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The Blaspheme of Joshua
I can catch the last ride on the number 5 shuttle out of Hollywood. I’ll sit in the back of the bus, so I can watch the panoramic images of Los Angeles at night drift by like dream, like before it was demystified by something as ordinary as a stroll, when a spotlight was special, and not the output of loud, buzzing machines taking up much needed parking space.
As I watch buildings pass by, I’m sure I’ll think again of how small Hollywood looked while walking between the buildings, rather than the grandiose scenes shifting by, row by row, as though I were channel surfing on a night when all of the shows on TV are set in the same city, all the same skylines, the same patterns of light, only without the theme song.
I often think of all the people who have ever come or gone to Hollywood in search of a dream, or just simple livelihood. I wonder about the unfulfilled souls in search of immortality, and I sometimes feel sorry for the majority who fade into nothing, while I stare into a sky, full of countless stars, some shining brighter than others, while others dim and go out.
It takes a while to reach the beach. The sun sets majestically on the water, which reminds me of His eyes. Joshua’s eyes, the skyline in which I so clearly saw forever, in which I could see the end of me. They will sparkle in my mind. I will recall the sandy timbre of his voice as I stand at the shore, scattering his images over the water, like ashes, like they were nothing. I’ll memorize his face, create an icon in my mind, as I take one last look at each photograph before throwing it away.
I can be back in Hollywood by sunrise. I’ll stop at Highland and make my way back toward Hollywood Boulevard. Saint Cecilia’s Church is near there. Seems like I ought to see it. Maybe I’ll stop in and light a candle, a blue one, maybe two. That’s it, two blue flames for Joshua. I feel a song coming on.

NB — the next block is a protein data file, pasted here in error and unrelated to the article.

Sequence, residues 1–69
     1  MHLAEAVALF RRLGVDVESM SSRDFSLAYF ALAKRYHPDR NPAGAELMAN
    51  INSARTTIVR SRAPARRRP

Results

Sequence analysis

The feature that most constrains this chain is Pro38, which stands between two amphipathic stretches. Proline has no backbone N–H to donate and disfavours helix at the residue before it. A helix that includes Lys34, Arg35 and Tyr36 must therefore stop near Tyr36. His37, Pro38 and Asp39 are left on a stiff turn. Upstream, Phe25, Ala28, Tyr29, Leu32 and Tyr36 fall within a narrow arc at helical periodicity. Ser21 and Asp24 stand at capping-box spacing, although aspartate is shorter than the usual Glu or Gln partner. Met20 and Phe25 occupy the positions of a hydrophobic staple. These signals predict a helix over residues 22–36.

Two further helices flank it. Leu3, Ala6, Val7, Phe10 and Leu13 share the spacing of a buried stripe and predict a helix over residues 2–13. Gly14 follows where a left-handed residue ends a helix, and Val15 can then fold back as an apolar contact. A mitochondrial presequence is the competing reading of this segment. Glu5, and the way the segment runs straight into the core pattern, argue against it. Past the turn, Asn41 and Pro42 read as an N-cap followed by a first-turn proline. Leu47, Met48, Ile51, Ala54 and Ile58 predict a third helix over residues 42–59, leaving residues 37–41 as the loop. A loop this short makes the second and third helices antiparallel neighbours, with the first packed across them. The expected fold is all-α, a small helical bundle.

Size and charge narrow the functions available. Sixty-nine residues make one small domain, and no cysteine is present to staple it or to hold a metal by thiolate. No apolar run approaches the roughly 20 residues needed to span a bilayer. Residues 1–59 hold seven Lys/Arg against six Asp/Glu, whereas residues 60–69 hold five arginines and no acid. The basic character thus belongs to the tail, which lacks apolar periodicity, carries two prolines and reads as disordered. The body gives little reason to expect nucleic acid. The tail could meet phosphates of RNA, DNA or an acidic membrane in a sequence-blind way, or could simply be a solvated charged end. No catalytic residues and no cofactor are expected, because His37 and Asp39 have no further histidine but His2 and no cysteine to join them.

Sister CeCe liked music. Maybe she wouldn’t mind my being there. I could attend the morning services, and mouth along to all the responsorial praises and blessings. I can contemplate sin, and how unforgiving the so-called angels of this city really are, and about what it means to love the sinner and hate the sin. There are some sins worth hating more than others. In the eyes of a fallen angel, I thought I saw Paradise. I’ll reflect on that.
I will have a drink at Schwann’s when they open. It’s a tourist trap, I know, but the Rat Pack used to hang out there. Maybe I’ll have an Irish Coffee. It’s too early for Jim Beam with a splash of water. They’ll notice me. I intend to pop in and out, then be forgotten for the time being. From there, I’ll continue on toward Hollywood, stopping somewhere along the way to buy a bottle of Cabernet and a pack of cigarettes.
I can see it now, how I will cross the yellow tape at Mann’s Chinese Theatre, light a cigarette, and drink the wine as I think of the stars that have walked among the monuments around me. I see Frank Sinatra, his footprint dwarfed beneath my shoe as I marvel at how slight he actually was at one time, how delicate his footstep, how quaint his hands.
I will adjust the blue-gray fedora on my head with my cigarette hand, and salute with my drink hand as I think of Joshua in a different time, when he was a muse and not a fallen man, when he was charmingly unaware. Imagine, looking like that, like it was no big deal. I had given him wings. I remember the way he filled with pride, like brandy filling a snifter, or was it just a body filling with brandy? I will tribute his memory with a toast, a eulogy so soulful, anyone with an ear will want to hear. I will raise my bottle high and wait for the sirens.
I might tell them my name is Frank, see how far I get with that, and simply tell them about the rather ordinary events of my day. They must have figured out most of what I’ve done by now. I’ll explain the pain of seeing an old friend fading that way; how his polish had turned to tarnish; that underneath the stone was a diamond. I would have given him diamonds if I thought they could save him, or even if he had just asked for anything that shined. I’ll tell them that, how I shot him once before, with a camera; made him an angel, gave him wings.
When Dick says I have to get booked and fingerprinted, I’ll say I can dig it. When he says I have to pose for my mug shot, I’ll remove my hat and hand it off to the handsomest cop in the room, spit-spot my hair, flipping the front just above my left eye, and pose with the calm coolness of someone who has willingly surrendered on his own terms. Then, I will take a moment to loosen my tie.
On a clear day, I can see forever; I can see the end of me. It is a blasphemous thing to burn for an angel. I know, yet on my day of reckoning, the face I will see before the Light will be that of…straight-shot to the sun: gold; the skyline: blue; those eyes; the sand and smoke, and all the colors of the world haloed around his head; when green made red close in on the blue; the lights; camera. Joshua. Shoot.
Marcus Hamley studied English at the University of North Dakota and is currently enrolled at Turtle Mountain Community College, where he is studying Native language and culture. He intends to use his degree to contribute to the community through encouragement and instruction, in hopes of helping Native students learn how to best utilize their skills to express and communicate effectively.